What did you think about the Freedom Conference?
"The overall conference was excellent, and the quality of speakers was really good. Unfortunately, out of the conference I got how hard it is to change what we've got."
- Stuart Hassell
"I thought it was terrific. Obviously I'm here because I believe in supporting the five core principles the institute was founded on. At the end of the day, we can debate specific legislation, whether it's TARP or the General Motors bailout, but it's really about freedom and the ability to be heard."
- Rich Lowe
"It was very insightful with the tax reform, very insightful with what Michele Bachmann had to put forth. A lot of it was just a reunion for all of us who feel concern and anger. : I think most of the people here are very intelligent, very well-read, and I just feel a lot of support for the people here."
- Michelle Schiau
"I wish everyone would have come to this, so even those on the liberal side would have some balance and maybe even a bit of enlightenment."
- Carol Ward
Steamboat Springs Grover Norquist closed out the inaugural Freedom Conference by encouraging participants to form an "exoskeleton" for their politicians.
Through raising their voices at taxpayer tea parties, rallying and speaking up at town hall meetings, conservatives can strengthen their politicians against the pressures of Washington, Norquist said. The president and founder of Americans for Tax Reform spoke during lunch Saturday at the conference put on by the Steamboat Institute at the Steamboat Grand Resort Hotel.
The Steamboat Institute's five core values are limited government, lower taxes, free markets, strong national defense, and individual rights and responsibilities.
Norquist focuses on lower taxes. He framed conservative groups as people who want the government to leave them alone. Liberal groups, he said, are the "takers" who want to steal money from others to serve their purposes.
"In the United States, there are two teams," Norquist said. "This is partly because there's only two directions to move in, toward more liberty or less liberty."
He advocated a flat tax on income or spending. Lawmakers would have only one way to tax citizens and would have to be upfront when increasing taxes, Norquist said. He noted that Republicans have succeeded by branding themselves as the party that won't increase taxes.
Norquist used the analogy of Coca-Cola. If one person found a rat head in a Coke, word would spread, and the Coke brand would take a hit.
"Elected Republican officials who vote for tax increases are rat heads in a Coke bottle," Norquist said. "They damage the brand for everyone else. This is not a victimless crime."
If they want to make a difference and promote good policy, conservatives need to have 218 people in the U.S. House and at least 60 in the U.S. Senate, he noted.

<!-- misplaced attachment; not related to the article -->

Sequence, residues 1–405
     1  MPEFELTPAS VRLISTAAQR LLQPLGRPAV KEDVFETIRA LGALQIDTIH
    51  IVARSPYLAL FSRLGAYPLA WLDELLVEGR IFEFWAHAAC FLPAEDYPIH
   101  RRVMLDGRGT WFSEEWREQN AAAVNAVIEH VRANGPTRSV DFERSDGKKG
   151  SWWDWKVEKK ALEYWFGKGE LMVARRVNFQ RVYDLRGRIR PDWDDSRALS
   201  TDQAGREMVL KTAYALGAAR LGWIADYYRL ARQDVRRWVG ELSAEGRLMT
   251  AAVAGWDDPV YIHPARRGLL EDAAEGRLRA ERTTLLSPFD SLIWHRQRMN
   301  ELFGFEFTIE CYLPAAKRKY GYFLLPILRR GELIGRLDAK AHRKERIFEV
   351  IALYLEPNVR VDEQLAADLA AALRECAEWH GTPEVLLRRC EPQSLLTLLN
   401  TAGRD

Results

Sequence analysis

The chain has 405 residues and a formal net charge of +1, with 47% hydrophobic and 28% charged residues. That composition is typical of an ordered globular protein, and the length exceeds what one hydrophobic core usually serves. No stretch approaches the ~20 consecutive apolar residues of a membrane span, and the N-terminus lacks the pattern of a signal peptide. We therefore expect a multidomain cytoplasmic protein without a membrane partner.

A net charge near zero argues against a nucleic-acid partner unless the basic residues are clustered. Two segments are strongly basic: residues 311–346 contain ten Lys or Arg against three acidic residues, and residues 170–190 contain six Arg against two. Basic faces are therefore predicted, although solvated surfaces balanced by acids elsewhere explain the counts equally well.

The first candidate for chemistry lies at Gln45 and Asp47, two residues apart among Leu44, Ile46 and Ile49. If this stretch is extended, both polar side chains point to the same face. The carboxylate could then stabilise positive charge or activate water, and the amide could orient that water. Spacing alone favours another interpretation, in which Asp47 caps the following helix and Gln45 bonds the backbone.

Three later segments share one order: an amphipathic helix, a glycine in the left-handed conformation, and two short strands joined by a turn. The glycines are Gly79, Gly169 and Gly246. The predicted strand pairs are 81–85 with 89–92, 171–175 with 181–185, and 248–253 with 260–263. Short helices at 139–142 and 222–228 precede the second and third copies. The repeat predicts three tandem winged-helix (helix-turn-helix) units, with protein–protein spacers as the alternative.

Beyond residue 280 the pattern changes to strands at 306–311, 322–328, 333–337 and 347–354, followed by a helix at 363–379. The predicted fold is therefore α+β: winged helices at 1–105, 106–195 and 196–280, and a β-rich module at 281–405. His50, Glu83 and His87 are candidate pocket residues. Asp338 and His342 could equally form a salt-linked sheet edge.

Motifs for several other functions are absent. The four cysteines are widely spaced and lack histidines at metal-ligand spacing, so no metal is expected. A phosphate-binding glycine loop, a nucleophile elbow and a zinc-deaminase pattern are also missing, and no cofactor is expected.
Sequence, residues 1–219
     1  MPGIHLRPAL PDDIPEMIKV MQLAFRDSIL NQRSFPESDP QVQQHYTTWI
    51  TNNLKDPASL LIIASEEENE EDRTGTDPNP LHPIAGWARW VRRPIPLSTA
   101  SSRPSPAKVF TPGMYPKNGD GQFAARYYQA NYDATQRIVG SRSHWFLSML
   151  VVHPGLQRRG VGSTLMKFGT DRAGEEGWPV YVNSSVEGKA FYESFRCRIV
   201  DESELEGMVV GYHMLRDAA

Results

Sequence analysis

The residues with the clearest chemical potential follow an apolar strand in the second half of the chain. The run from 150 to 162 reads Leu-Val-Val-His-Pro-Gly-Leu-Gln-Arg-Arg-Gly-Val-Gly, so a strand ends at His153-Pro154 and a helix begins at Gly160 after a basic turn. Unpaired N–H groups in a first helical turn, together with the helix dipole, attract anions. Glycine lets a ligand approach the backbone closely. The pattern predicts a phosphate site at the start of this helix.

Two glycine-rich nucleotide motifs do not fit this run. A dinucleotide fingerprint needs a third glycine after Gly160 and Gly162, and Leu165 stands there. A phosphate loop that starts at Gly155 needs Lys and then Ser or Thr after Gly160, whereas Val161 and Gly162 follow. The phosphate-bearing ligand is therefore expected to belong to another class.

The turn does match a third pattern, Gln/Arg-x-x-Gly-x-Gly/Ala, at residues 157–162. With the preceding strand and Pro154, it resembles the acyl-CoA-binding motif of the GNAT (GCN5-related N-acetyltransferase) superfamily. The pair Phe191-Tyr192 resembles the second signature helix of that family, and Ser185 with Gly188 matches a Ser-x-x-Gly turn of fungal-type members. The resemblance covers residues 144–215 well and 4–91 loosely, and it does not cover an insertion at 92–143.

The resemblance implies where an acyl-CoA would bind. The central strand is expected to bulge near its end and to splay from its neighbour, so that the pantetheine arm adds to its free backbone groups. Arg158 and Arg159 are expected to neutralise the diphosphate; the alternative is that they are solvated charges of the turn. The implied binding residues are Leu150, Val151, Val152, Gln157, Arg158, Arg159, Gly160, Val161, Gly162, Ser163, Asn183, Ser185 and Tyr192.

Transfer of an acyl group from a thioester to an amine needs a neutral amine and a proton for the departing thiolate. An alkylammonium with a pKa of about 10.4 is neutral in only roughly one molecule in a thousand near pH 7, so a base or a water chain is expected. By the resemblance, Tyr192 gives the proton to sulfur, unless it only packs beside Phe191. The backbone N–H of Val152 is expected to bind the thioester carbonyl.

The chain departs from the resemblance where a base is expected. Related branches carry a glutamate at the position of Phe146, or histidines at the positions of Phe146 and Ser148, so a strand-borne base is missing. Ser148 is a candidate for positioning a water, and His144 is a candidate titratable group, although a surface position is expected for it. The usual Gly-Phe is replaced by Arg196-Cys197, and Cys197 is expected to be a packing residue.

They also need to keep a focus on the importance of decreasing spending. The deficit isn't important, Norquist said: What's important is how much the government takes from taxpayers and how much it spends.
Norquist said he expected transparency of lawmaking and transparency of government to reach the foreground for the 2010 election. A push is under way to get a five-day waiting period on measures before a House vote. That would provide ample time for the public to read and comment on bills.
"They would never again pass a 1,000-page piece of legislation, never again. : Nothing good happens in 1,000-page piece of legislation," Norquist said.
Some states, such as Texas, have implemented measures that promote transparency of spending. Texas Gov. Rick Perry's administration posts every expense online, Norquist said. He expects that to become more common.
Norquist said he was growing optimistic as he watched conservatives make their voices heard about health care and taxes.
Conservatives also are avoiding the mistakes they made with former President Bill Clinton, Norquist said. They're criticizing President Barack Obama's policies rather than his personality.
"If Obama wandered off, we have still focused on too much spending, too much regulation, too much taxes, too much government control," Norquist said.
Steamboat Institute Chairman Jennifer Schubert-Akin closed the event by encouraging participants to take action.
"When I attended the Leadership Program of the Rockies retreat, our friend (former U.S. Rep.) Bob Schaffer challenged us : if you don't go out and set those brush fires of freedom with what you've just learned, all we did is have a nice weekend," Schubert-Akin said.
After the event, Schubert-Akin said she was pleased with the turnout. About 150 people came to the inaugural two-day conference, and she said people told her how pleased they were after each presentation.
The positive response was encouraging, and she said the Steamboat Institute hopes to put on the conference again next year.
"We definitely plan to make this a major annual event," Schubert-Akin said. "We hope this will be a good event for Steamboat."